ANCA and Marriott Armenia Make Case to Congress for U.S.-Armenia Double Tax Treaty

Korian and Pilavjian Join ANCA for Consultations at State Department and across Capitol Hill

WASHINGTON—Leading U.S. investors in Yerevan’s landmark Marriott Hotel made the case this week in Washington for a U.S.-Armenia Double Tax Treaty during a series of Capitol Hill and State Department meetings, reported the Armenian National Committee of America (ANCA).

Rep. Anna Eshoo (D-Calif.) with Armenia Marriott’s Paul Korian and Peklar Pilavjian and the ANCA’s Aram Hamparian
“We were pleased to have this opportunity to share with U.S. legislators and our Department of State the real-world benefits of a Double Tax Treaty for U.S. investors, the Armenian economy, and—perhaps most importantly—the future growth of mutually beneficial bilateral U.S.-Armenia commercial relations,” said Paul Korian, chairman and managing partner of the Armenia Marriott Hotel Complex.

“By eliminating the threat of double taxation, this long overdue treaty would remove a meaningful barrier to the expansion of the U.S.-Armenia economic relationship, opening the door to a new wave of investment opportunities,” said investor Peklar Pilavjian.

Paul Korian, chairman and managing partner of the Armenia Marriott Hotel Complex, investor Peklar Pilavjian, and the ANCA’s Aram Hamparian discussing the benefits of a U.S. Armenia Double Tax Treaty with Senior House Foreign Affairs Committee member and international tax expert Rep. Brad Sherman (D-Calif.)
Among the legislators that the group spoke with on Capitol Hill were Armenian Caucus Co-Chairs Jackie Speier (D-Calif.) and David Trott (R-Mich.), senior House Foreign Affairs Committee member Brad Sherman (D-Calif.), who is widely respected as the leading Congressional expert on international tax law, and U.S. Representatives Anna Eshoo (D-Calif.), Joseph Kennedy (D-Mass.), and Grace Napolitano (D-Calif.). Korian and Pilavjian also took part in a State Department meeting on the mutual benefits of a Double Tax Treaty.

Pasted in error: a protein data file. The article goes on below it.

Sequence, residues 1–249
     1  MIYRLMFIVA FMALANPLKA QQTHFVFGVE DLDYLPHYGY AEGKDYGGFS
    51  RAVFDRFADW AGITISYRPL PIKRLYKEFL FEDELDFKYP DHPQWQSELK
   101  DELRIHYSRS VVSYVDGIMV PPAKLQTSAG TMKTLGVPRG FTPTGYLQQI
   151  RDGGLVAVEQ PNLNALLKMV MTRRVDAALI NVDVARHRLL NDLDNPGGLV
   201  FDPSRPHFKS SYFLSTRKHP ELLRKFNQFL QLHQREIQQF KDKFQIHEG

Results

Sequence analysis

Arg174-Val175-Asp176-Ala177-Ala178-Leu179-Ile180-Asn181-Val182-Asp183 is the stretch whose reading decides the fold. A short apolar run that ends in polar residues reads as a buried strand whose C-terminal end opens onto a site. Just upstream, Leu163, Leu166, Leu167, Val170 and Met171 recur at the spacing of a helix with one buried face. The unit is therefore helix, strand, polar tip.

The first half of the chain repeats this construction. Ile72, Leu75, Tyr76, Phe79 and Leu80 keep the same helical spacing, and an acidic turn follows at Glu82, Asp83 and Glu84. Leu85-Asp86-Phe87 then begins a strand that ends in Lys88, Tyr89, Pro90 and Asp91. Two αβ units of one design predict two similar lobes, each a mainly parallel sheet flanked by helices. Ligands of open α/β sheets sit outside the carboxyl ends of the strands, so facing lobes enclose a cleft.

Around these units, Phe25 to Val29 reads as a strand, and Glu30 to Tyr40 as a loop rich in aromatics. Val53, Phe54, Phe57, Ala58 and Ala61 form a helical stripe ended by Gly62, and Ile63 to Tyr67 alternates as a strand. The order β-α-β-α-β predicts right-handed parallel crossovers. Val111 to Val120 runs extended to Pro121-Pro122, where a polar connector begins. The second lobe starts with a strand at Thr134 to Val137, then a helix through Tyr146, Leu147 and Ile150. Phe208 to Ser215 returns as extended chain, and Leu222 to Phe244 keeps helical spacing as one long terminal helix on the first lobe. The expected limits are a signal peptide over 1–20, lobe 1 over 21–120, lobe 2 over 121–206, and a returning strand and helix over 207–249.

“It’s time to get this done. The absence of a working, modern tax treaty has—for far too long—deprived both U.S. and Armenian investors of a clear legal framework, creating unnecessary uncertainty that diverts investment flows and materially disadvantages businesses,” said ANCA Executive Director Aram Hamparian. “Inaction on a Double Tax Treaty, more than 25 years after Armenia’s independence, sends the wrong message to potential investors and other economic stakeholders.”

Armenia Marriott’s Paul Korian and Peklar Pilavjian and the ANCA’s Aram Hamparian with Congressional Armenia Caucus Co-Chair Jackie Speier (D-Calif.) and Chief of Staff Josh Connolly at the historic Rayburn Room, just steps from the U.S. House floor

Following the meetings, Korian and Pilavjian talked to H1 Television’s Haykaram Nahabetyan about the benefits of a U.S.-Armenia Double Tax Treaty in the ongoing efforts to expand bilateral economic ties. The group also visited with Library of Congress Armenian Specialist Dr. Levon Avdoyan for a first-hand view of the libraries’ over 40,000 Armenian holdings.

Armenia Marriott’s Peklar Pilavjian and Paul Korian with Congressional Armenian Caucus Co-Chair Dave Trott (R-MIich.) and the ANCA’s Aram Hamparian
Photos from the visits are available on the ANCA Facebook page at:
A U.S.-Armenia Double Tax Treaty would establish a clear legal framework for investors and individuals who have business activities in both jurisdictions, preventing double taxation and facilitating the expansion of economic relations. It would also help reinforce the friendship of the American and Armenian peoples, anchoring Armenia to the West, and providing Yerevan with greater strategic options and independence in dealing with regional powers.
The outdated 1973 U.S.-U.S.S.R. Tax Treaty—recognized by the U.S. but not Armenia—is inadequate to meet the needs of present-day U.S.-Armenia relations. While investors have found ways to adjust to its inadequacies, the existing system of foreign tax credits and deductions is not consistent with any accepted tax or accounting system.
The U.S. has Double Tax Treaties with many small countries, including Estonia, Jamaica, Latvia, Lithuania, Malta, and Slovenia. Armenia has Double Tax Treaties with many advanced countries, including Austria, Belgium, Canada, China, France, Italy, the Netherlands, Poland, Russia, and the United Kingdom.
For more information about the benefits of an updated U.S.-Armenia Double Tax treaty, visit:
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